What do translation and interpretation involve?
Translation is the transposition of a written text in one language, known as the source language, into another language, known as the target language.
A variety of texts typically require translating, for example:
technical or scientific texts, such as instruction manuals, pharmaceutical information notices, or patents;
literature & art texts such as novels, screenplays or subtitles for films;
communication texts such as an advertisements or a press releases;
legal texts such as a contracts or judgements passed by a court.
Interpretation is the oral rendering of what has been said by a speaker into another language. Due to the context in which they are practised, a distinction is made between conference interpreting and liaison interpreting.
Conference interpreting refers to:
Simultaneous interpreting: in simultaneous interpreting the interpreter, who sits in a booth, renders an oral translation of a speech while the speaker is speaking so that the audience present in the room is able to follow through headphones.
Consecutive interpretation: in consecutive interpretation the interpreter renders their translation of a speech immediately after the speaker has spoken - section by section - without the use of equipment. To help them to do this, the interpreter uses a personalised note-taking technique.
Liaison interpreting refers to interpreting at meetings involving small groups, where the interpreter gives their interpretation immediately after each speaker’s contribution. This type of interpretation occurs in meetings characterised by a degree of confidentiality, such as, for example, internal meetings or discreet negotiations.
In September 2014 a new Decree setting out the framework for higher education introduced modifications to the organisation of academic programmes.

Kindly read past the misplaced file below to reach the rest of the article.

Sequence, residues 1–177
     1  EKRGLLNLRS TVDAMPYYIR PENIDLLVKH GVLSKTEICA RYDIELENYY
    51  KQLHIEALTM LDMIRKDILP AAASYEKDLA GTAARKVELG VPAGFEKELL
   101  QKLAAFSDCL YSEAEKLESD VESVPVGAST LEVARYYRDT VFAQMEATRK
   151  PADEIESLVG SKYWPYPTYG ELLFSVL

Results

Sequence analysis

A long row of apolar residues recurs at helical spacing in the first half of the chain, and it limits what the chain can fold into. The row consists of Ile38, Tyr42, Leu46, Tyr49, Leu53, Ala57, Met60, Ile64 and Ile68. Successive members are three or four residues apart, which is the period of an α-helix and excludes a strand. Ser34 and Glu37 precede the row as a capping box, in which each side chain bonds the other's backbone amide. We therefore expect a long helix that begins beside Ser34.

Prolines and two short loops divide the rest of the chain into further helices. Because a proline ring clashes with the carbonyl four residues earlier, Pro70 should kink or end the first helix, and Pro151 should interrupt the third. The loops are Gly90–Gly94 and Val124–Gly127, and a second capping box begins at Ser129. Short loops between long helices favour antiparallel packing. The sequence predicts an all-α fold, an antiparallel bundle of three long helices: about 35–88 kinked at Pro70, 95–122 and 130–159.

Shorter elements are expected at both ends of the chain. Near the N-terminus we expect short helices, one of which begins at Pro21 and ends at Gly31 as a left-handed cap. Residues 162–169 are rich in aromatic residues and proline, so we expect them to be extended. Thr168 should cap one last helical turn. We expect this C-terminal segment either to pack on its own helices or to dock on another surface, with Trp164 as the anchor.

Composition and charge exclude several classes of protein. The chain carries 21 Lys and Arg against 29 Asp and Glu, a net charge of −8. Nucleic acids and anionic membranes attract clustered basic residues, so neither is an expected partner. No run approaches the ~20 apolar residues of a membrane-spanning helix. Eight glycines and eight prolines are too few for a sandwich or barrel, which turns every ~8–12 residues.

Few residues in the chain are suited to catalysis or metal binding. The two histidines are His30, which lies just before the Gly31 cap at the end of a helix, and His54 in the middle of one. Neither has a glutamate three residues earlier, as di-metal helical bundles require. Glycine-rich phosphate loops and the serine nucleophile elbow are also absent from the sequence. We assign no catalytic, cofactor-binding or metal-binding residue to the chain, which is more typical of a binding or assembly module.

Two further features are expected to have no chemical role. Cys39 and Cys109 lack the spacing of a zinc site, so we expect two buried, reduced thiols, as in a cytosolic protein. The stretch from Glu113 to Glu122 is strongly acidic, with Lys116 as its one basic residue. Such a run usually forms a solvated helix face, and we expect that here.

Bachelor (BA) (first cycle or undergraduate study): 180 credits
The first cycle or undergraduate Bachelor’s (BA) programme of study is made up of both taught compulsory and optional course units, worth a total of 180 credits. It is studied in annual blocks of 60 credits.
The first block is compulsory for all first-time students. Once a student has successfully completed the first block, s/he designs their subsequent programme by combining compulsory courses with optional ones. S/he must choose a coherent set of course units, which the academic authorities validate. Some course units need to be successfully completed before others may be studied (prerequisites), others must be followed in parallel (corequisites).
The University Bachelor’s (BA) is designed as an entry qualification for a postgraduate programme (Master’s).
The BA programme in translation and interpreting has three main strands:
Course units taught in French: the course is intended for future French mother tongue translators and interpreters, who would in most circumstances translate or interpret into their own language. Full mastery of the French language is therefore a prerequisite.
Course units taught in a foreign language: the objective is to acquire advanced language skills in at least two languages other than French.
General course units: the professional translator/interpreter must be able to accurately translate or interpret texts (conferences, debates, etc.) of a specialised nature. This requires a well-rounded university-level general education.